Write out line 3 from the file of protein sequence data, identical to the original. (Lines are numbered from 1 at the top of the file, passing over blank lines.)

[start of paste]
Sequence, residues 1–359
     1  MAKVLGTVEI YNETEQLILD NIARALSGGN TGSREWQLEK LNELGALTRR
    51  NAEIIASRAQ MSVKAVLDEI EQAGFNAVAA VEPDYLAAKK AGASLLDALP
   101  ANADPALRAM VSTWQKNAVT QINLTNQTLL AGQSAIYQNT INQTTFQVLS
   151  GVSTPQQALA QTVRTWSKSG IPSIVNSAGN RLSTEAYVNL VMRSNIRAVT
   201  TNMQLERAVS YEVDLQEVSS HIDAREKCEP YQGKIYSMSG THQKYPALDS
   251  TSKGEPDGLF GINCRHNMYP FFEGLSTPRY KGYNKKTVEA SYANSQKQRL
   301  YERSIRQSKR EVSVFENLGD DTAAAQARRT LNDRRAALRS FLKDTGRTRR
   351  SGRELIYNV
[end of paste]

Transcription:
    51  NAEIIASRAQ MSVKAVLDEI EQAGFNAVAA VEPDYLAAKK AGASLLDALP